Fred Bosselman’s 1959 Chevy Sedan Delivery Proves that Some Cool Cars Do Come Back
The spark of hot rod enthusiasm was lit for many of us by a car we drove in high school. It’s hard to say whether it was the cars themselves our own youthful energy that were the bigger drivers of our initial automotive infatuation. Our cars presented us with a taste of freedom, a chance to travel, explore, and move around independently. Our youthful exuberance pushed us to test our limits in those high school rides, performing parking-lot burnouts and donuts and occasionally engaging in backroads speed competitions that assessed both our skills and our risk tolerance.
For Fred Bosselman, it was a 1959 Chevy sedan delivery that helped lay the groundwork for a lifelong auto addiction. We can only imagine how cool his bat-winged, long-roof hauler was with radiused rear wheel openings making room for wide slicks and a healthy 427c.i. big block rumbling under the hood. It sounds like the sort of car that could help a young lad establish high school hot rod hero status back in the day.
Like so many high school rides, Fred’s delivery eventually went down the road to a new owner. Fred went on to become active in the family business – a truck stop that ultimately grew and expanded into a variety of related ventures like fuel and propane services. In many ways, fuel and transportation became a way of life for Fred.
Fred’s old sedan delivery might have remained just a memory of his youth had a friend not discovered the remains of it sitting in a row of trees out in the central Nebraska countryside years ago. He recognized the car and clued Fred in on its location. Many would have considered the car too far gone to save, but nostalgia can be a strong motivator. Fred bought the Chevy’s remains and started on the journey back to hot rod glory.
Fred enlisted the help of Snyder Street Rods in Hastings, Nebraska for the car’s resurrection. The shop’s team of Mike Snyder and Dean Gerberding helped put together a ground-up rebuild strategy that started with an Art Morrison GT Sport chassis that incorporates a performance-based independent front suspension, rack-and-pinion steering, and a four-link rear suspension locating a 9-inch rearend with 3.70:1 gears. With Wilwood four-piston disc brakes at each corner and 18×8- and 18×10-inch Schott wheels wrapped in BFGoodrich rubber, the Chevy had a fresh foundation that Fred couldn’t have even imagined back in high school.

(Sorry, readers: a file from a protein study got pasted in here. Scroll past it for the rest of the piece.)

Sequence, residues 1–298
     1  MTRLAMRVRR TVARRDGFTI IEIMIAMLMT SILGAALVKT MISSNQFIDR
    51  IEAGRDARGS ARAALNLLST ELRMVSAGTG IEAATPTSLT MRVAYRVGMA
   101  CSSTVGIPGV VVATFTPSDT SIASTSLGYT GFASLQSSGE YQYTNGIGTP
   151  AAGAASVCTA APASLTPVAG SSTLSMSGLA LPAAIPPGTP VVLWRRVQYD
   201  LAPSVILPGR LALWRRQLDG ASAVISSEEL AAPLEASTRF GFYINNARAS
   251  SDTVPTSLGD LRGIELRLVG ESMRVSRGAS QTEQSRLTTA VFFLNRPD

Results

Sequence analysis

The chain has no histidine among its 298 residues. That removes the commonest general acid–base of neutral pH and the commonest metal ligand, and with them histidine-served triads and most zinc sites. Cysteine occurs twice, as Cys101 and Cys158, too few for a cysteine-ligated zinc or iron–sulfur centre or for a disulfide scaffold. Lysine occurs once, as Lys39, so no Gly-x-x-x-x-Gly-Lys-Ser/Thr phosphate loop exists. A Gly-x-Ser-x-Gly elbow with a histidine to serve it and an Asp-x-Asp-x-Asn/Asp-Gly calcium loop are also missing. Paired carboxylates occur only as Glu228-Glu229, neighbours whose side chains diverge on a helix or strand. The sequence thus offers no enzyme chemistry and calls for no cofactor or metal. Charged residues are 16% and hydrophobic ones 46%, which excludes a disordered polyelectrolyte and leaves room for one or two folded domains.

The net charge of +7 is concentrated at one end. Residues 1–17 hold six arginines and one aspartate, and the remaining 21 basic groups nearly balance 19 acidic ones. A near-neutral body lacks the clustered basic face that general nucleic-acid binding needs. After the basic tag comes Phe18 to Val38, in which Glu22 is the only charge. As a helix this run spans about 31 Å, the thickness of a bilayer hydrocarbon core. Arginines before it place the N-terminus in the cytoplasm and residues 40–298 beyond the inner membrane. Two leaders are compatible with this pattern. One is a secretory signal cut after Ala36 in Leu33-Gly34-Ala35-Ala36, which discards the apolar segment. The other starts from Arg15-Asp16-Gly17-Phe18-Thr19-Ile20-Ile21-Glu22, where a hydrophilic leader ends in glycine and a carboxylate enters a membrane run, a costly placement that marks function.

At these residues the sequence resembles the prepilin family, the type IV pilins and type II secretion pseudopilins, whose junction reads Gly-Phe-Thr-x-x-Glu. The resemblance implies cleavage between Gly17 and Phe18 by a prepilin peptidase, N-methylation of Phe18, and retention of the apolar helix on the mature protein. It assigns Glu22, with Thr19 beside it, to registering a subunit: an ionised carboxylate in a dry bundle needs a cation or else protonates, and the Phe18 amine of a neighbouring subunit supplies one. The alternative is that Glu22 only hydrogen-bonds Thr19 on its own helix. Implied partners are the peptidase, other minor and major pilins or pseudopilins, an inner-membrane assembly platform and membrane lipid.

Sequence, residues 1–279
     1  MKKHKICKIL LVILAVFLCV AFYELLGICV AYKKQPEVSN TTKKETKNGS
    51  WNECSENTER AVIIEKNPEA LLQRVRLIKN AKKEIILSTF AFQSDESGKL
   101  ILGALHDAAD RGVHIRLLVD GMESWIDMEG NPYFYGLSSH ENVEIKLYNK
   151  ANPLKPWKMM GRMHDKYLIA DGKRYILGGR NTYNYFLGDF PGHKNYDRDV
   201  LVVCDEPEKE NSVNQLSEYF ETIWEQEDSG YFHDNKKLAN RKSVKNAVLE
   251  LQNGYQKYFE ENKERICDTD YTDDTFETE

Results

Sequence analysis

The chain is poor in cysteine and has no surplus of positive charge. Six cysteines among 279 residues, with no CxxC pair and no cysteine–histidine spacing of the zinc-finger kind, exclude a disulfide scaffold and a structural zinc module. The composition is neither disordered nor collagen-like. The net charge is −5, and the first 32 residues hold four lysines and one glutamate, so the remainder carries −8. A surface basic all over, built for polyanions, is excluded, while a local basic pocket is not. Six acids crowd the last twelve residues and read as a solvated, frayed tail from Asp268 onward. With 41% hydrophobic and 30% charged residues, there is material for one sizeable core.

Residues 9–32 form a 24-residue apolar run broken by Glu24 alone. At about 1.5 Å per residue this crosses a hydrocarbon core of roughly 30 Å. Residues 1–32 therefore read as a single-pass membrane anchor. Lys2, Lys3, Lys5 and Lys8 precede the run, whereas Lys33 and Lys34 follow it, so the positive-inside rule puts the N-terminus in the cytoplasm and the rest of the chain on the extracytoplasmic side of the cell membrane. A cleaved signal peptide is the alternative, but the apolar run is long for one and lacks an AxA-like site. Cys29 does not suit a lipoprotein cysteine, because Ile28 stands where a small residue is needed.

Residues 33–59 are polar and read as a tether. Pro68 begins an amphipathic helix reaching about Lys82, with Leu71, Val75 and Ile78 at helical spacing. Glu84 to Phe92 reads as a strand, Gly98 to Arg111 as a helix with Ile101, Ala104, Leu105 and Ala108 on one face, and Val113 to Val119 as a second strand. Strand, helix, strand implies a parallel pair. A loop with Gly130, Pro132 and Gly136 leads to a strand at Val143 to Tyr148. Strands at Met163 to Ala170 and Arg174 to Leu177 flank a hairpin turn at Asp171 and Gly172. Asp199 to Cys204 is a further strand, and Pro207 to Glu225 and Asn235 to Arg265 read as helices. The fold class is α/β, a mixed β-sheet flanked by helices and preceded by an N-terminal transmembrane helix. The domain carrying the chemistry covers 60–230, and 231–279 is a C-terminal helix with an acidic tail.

Developing strong, street-friendly horsepower can be done with a wide range of approaches these days. Fred opted for something a little more sophisticated and sedate than a rowdy big block and had the Snyder team fit a 6.2-liter LS3 V8 from a 2015 Camaro in the Morrison chassis. It cranks out plenty of power thanks to performance enhancements like a custom sheet metal intake (which was aqua dipped with a carbon fiber finish) and ceramic coated headers from Morrison. A DeWitts aluminum radiator was added to keep things cool, with a Vintage Air Front Runner system driving all the accessories. A 6L80E six-speed automatic transmission ensures low-rpm highway cruising, while QTP electric cutouts ahead of the Flowmaster mufflers let Fred relive some of the open-header thrills of his youth.
Bringing the sedan delivery body back to life was no easy task. There were acres of sheet metal to repair and straighten before any paint could be applied. Mike and Dean used Impala patch panels to repair some of the typical Midwest quarter panel rust, while aftermarket floor pans were welded in and modified to accommodate the Morrison frame and overdrive transmission. The liftgate’s inner structure was rusty, so the team found one with a rusty outer skin and solid inner structure and combined the best parts to make one good gate.
After getting the metalwork complete, Mike and Dean spent countless hours prepping and block sanding the body before laying down the PPG paint – a rich and brilliant hue from Painthouse known as Randy Apple Red III. The beautiful color is accented by fresh chrome from Ogden Chrome, including the aluminum trim.
The deep red exterior was complemented inside with brown paint on the original dash, which was fitted with Dakota Digital VHX instruments and a Flaming River column topped with a Billet Specialties wheel. The Upholstery Shop in Grand Island, Nebraska stitched two-tone leather on the Procar bucket seats and built custom door and side panels to match – including panels to finish off the cavernous rear cargo area. A Lokar shifter was added to the custom console, Vintage Air was installed to keep temperatures in check, and an American Autowire harness was used to get everything connected.
The sedan delivery was finished up last year, just before things got shut down due to COVID. The Chevy did manage to snag Best Truck honors at the Omaha World of Wheels show, as well as the Meguiar’s Magnificent Masterpiece honor at the Goodguys Speedway Motors Heartland Nationals in Des Moines. Since then, Fred has been driving and enjoying the car regularly – often with those exhaust cutouts wide open. No doubt the sound brings back some great memories and helps transport Fred back to those carefree days when a cool car and the open road were the only things that mattered.
Photos by Damon Lee